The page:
January 8, 2013

Our View: Congress should not use debt ceiling as hostage

Creating phony financial crises to gain leverage in negotiations is no way to govern.

Now that the fiscal cliff has been avoided, Congress is lurching toward the next self-created and totally unnecessary fiscal crisis.

click image to enlarge

Maine's junior senator, Angus King, bottom right, discussed Congress' responsibility regarding the nation's debt ceiling on "Meet the Press" Sunday.

There is no good reason for the country to fail to pay its debts, and Republican leaders in Washington could do the country a favor and announce that they will not take another opportunity to hold a fragile economy hostage.

Unfortunately, that is not the plan. On Sunday morning talk shows this week, Senate Minority Leader Mitch McConnell said he would demand a "ransom" of cuts to entitlement programs before permitting what had always been a routine extension of the debt limit. This was the same strategy Republicans used in 2011, which did not result in deficit reduction, but did create so much uncertainty that a bond agency dropped the country's credit rating.

On "Meet the Press," Maine's new independent senator, Angus King, succinctly explained why refusing to lift the debt ceiling is such poor public policy. Congress is not being asked to give permission for future borrowing, but for the authorization to borrow to fund programs that Congress itself has already approved.

Refusing to raise the debt limit would be like an individual buying things with his credit card and then refusing to pay the bill, King said.

That's not fiscal responsibility, it's fraud.

McConnell was most likely staking out a position for the upcoming debt ceiling showdown, and he does not really plan to push the country into default. But while that might give him more leverage in negotiations, it could also create enough uncertainty to slow down an already too slow economy.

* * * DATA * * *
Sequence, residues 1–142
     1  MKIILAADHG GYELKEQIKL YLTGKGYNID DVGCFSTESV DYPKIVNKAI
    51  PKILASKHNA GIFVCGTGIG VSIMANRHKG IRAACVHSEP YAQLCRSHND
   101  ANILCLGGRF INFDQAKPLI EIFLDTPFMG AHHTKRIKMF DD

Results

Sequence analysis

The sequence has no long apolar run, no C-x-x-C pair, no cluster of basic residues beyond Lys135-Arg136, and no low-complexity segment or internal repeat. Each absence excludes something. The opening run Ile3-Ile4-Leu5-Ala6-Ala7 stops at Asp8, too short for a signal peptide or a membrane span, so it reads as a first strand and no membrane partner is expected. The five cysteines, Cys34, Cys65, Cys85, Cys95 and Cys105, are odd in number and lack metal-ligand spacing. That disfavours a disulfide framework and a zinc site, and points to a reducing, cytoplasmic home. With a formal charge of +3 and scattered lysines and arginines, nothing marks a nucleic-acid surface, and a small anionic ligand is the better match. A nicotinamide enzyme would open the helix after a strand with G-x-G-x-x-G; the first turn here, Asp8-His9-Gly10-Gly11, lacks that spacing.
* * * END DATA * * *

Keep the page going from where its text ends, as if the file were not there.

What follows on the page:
President Obama has a few doomsday options of his own. He could claim under the 14th Amendment -- which declared at the end of the Civil War that "The validity of the public debt of the United States ... shall not be questioned" -- that he has the authority to extend the debt limit without Congress. Or, some argue, he could mint a single platinum coin in the denomination of $1 trillion that could be deposited in the Federal Reserve.

Either of these options could prevent a default, but set off a political crisis at the same time that could be just as destructive.

The most fiscally responsible act would be for Republicans to take the debt ceiling off the table and proceed with negotiations for bipartisan tax reform and deficit reduction.

Inventing artificial crises to force action is not good for the economy and no way to govern. Congress should do the right thing and take the debt ceiling issue off the table.

 

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